Shakespeare is curbing Molière and Goethe in Brussels

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“French and German are unlikely to survive in Brussels” unless both countries “unite to better assert the importance of their languages,” argues Marc Foglia, the chief editor of the Groupe des Belles Feuilles, a reflection group, in a post on Blogactiv.

The author gives historical reasons for the decline of French, particularly highlighting the enlargements of 1995 (Austria, Sweden, Finland) and of 2004 (which included the ten Eastern newcomers). 

What’s more, in the main European institutions, knowledge of French “is no longer indispensable,” the blogger argues, pointing to estimates that only one third of Brussels-based European civil servants can speak Molière’s language. 

Thus the forthcoming French Presidency wants to defend the use of French “in the name of the diversity of languages in Europe,” says Foglia. He believes the best way to do this is to promote French by traditional means.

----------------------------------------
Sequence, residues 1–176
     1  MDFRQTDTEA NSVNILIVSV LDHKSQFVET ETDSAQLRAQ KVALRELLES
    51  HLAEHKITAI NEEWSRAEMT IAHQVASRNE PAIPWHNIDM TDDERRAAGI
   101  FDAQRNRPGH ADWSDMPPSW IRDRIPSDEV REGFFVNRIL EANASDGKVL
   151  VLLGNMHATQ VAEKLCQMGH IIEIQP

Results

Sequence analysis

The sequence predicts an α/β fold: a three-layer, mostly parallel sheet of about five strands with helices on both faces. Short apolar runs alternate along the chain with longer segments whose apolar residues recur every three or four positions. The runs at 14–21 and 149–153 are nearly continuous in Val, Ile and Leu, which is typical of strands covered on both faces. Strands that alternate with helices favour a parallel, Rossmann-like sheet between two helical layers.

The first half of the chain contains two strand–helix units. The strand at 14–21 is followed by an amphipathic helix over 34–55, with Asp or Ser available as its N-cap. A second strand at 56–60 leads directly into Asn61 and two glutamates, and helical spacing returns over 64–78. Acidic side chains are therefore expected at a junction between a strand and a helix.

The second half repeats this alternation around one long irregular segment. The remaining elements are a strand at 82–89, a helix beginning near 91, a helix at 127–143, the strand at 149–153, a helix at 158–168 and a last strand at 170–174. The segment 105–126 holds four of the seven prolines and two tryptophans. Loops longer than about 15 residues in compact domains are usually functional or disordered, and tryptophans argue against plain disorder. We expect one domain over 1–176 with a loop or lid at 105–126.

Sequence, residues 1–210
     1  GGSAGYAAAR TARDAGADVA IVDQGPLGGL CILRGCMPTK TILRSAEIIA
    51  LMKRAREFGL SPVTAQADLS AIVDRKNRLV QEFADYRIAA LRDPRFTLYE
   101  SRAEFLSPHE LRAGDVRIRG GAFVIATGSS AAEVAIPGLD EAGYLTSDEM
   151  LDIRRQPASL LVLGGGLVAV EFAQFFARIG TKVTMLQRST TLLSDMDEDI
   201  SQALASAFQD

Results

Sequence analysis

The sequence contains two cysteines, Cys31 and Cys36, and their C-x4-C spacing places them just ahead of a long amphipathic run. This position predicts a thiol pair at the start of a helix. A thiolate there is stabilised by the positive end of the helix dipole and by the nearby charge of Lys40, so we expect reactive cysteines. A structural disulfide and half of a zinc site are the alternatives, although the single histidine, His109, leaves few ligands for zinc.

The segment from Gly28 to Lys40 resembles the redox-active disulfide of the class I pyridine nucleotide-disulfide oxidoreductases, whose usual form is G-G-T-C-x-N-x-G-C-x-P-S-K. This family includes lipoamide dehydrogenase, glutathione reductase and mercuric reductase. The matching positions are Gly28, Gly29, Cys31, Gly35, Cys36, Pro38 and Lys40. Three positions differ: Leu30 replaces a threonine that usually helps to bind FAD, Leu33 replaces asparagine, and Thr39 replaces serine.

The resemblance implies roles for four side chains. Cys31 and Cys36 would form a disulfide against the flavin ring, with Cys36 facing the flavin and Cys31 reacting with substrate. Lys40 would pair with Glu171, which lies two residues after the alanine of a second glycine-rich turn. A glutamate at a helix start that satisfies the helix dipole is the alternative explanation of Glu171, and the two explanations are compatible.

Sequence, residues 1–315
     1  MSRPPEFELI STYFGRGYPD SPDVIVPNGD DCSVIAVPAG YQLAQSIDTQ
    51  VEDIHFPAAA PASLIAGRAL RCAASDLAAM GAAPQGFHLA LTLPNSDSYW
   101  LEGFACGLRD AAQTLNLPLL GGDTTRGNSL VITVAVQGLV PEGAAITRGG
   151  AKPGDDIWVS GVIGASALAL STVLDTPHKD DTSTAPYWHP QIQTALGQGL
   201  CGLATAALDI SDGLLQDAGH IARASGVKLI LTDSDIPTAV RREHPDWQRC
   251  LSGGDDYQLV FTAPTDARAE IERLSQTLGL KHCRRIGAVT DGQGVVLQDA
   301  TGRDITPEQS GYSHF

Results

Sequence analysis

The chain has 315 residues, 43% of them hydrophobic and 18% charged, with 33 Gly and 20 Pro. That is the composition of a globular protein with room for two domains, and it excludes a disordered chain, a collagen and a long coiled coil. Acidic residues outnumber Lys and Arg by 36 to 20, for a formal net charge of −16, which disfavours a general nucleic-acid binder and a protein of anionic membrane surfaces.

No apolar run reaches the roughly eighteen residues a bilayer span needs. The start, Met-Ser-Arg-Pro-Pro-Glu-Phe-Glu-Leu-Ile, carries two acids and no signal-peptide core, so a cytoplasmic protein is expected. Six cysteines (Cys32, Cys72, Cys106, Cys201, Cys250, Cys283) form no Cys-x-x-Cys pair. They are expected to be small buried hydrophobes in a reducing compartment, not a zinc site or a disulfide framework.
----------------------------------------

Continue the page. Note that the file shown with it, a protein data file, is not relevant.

The author points out that the French, and particularly Francophone civil servants, are faced with a “dilemma” as they are expected to use French “as much as possible” while also making sure they are understood, which often requires that they express themselves in English. 

The blogger points to the growing proportion of Commission texts in English, which rose from 45.4% in 2004 to 72% in 2006. This is in sharp contrast to the dramatic decline of the French language, which fell from 40.4% of texts in 1997 to 14% in 2006, he reveals. 

Foglia stresses that unlike the Elysée’s pages under former President Jacques Chirac, they are currently not translated into other languages under President Sarkozy, sending a “worrying sign to our European partners”. 

He concludes that this could be interpreted as implying that France is neglecting its European neighbours by presuming its institutions are of no interest to them. 

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